Throughout the twentieth century, the Women’s Missionary Federation used the unity of its members not only to rise large quantities of money for its charity projects, but also to impact many people around the world.  Women in these societies focused not on the money they raised, but on the lives they improved.22  Between 1897 and 1922, missionaries opened three hospitals, two schools, one for training nurses and one for educating young girls, and a home for unprotected women in India.23  In addition, Dana L. Robert claims that during the late nineteenth and early twentieth century, missionaries coordinated with American churches to help refugees resettle.24  During the three years immediately following World War I, they built six schools, a hospital, and a dispensary in China, a church in Puerto Rico, and prepared to build a school for girls and a hospital in Africa.25  Their focus on projects that benefit women, such as schools for girls, reflects the autonomy the women retained and their pursuit of the goals of their unified missionary societies despite technically being under the authority of men.  The initial success of the women’s missionary societies forced men to reevaluate women’s ability to make good decisions about spending money they raised.26  In addition to large projects such as schools and hospitals, the women’s missionary societies also sent regular donations to missionaries as well as the people served by the missionaries.27  In 1953, the Women’s Missionary Federation was sending $2,000 per year to Papua New Guinea for medical supplies and $4,000 per year for books and school supplies for a girls’ school.28  The donations reflect a sustained interest in helping people in need.  The women of the missionary societies could not let their fellow women—with whom they saw a universal bond—to be oppressed by “heathen” societies, so they decided to take action and help the women who were suffering.  The missionaries within the Women’s Missionary Federation saw helping other people—not necessarily converting them although they did see converting people as a powerful way of helping them—as their main goal.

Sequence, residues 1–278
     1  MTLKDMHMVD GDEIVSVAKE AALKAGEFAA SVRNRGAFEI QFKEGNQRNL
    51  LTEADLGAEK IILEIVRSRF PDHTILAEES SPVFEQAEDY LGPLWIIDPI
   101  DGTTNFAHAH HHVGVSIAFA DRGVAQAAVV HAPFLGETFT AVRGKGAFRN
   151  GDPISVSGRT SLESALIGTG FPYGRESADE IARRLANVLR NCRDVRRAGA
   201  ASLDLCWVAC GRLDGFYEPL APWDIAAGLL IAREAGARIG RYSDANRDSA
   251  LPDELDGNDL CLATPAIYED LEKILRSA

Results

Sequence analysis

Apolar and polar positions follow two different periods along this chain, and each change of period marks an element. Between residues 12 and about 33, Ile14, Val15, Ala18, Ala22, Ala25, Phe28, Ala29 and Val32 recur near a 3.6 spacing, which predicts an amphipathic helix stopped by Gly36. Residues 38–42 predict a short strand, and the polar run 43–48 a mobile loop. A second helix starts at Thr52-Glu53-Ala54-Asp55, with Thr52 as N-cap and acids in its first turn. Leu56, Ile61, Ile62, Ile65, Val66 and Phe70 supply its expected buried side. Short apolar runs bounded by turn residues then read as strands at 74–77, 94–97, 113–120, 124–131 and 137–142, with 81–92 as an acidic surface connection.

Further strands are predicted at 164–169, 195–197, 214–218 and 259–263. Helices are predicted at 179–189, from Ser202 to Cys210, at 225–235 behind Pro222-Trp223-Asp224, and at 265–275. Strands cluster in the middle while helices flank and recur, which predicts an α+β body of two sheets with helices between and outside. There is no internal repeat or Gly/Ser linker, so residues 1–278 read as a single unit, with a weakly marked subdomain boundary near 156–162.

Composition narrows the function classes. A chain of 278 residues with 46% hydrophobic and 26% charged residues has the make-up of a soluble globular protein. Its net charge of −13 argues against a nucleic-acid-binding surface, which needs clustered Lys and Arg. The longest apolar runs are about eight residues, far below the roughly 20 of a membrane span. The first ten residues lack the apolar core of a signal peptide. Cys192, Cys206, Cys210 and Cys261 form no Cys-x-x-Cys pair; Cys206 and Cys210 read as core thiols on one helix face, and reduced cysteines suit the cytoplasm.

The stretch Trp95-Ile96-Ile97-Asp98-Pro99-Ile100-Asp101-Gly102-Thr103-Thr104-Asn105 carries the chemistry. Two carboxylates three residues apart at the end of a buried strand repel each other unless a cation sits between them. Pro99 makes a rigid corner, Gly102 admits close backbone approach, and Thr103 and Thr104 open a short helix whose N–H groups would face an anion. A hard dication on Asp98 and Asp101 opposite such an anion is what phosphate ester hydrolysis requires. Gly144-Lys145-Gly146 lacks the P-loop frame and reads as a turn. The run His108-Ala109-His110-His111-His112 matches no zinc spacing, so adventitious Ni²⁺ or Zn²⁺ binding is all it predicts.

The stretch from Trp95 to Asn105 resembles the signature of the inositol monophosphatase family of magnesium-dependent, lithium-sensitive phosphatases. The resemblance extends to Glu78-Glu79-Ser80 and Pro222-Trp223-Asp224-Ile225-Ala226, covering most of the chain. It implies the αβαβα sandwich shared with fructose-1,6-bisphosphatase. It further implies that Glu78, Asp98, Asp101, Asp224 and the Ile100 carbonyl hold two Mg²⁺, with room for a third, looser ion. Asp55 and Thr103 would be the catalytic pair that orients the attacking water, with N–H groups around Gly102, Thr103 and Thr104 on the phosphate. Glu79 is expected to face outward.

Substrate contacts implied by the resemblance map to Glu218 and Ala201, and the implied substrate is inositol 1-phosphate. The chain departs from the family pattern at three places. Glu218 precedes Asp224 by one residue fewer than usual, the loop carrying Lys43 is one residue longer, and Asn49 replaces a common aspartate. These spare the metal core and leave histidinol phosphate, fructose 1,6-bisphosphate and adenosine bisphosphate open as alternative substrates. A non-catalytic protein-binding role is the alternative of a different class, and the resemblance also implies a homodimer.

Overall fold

The women of the missionary societies played a powerful role in social reforms that took place during the twentieth century.  By 1953, the missionaries were beginning to achieve positive results regarding the treatment of women in India.29  In Africa, they used Christianity as a means of reducing the amount of physical abuse that took place within the marriages of the African women.30  It also improved the situation for women in China. One of their stories describes a Chinese Christian couple who had a baby girl, but they chose to keep her and accept her as part of the family instead of getting rid of her and trying for a boy.31  The missionaries’ focus on improving the quality of life for women around the world shows their desire to stand in solidarity with oppressed women.  Members of the Women’s Missionary Federation were also strong supporters of civil rights despite the majority of the women being white.32  Training programs for missionaries taught racial equality.33  The women believed that everyone was partially negro, and that small negro component of one’s blood was significant.34  The idea that everyone is at least slightly black reflects the belief that all Christians are united under Jesus.  It creates physical connections among all Christians to exist alongside the spiritual connections.  Furthermore, referring to the common physical connection as everyone being at least slightly black instead of everyone being at least slightly white shows the missionaries’ approval of people of color.  In her master’s thesis, Valerie G. Rempel said that after World War II, “Women wanted to unite and increase their work,”35 and the civil rights movement provided them with an opportunity to do so.  Their liberal (pro-racial equality) stance indicates their desire for all people to be treated as human beings.  Many events of the Woman to Woman Exchange Project also reflect the value placed by the missionaries on treating all people as human beings through a strong desire to ensure that the visiting women have positive memories of the trip to take away from the trip.  The Woman to Woman Exchange Project treated the women visiting from Papua New Guinea not as inferior beings, not as things solely meant to showcase different cultures of lesser or even equal value to the local women, but as human beings worthy of the same respect as the women in the United States.  They believed that they are all united under Jesus Christ and therefore have a responsibility to care for everyone.  Throughout the years of the women’s missionary societies, fights for social justice, both at home and abroad, helped to unite the women of the missionary societies.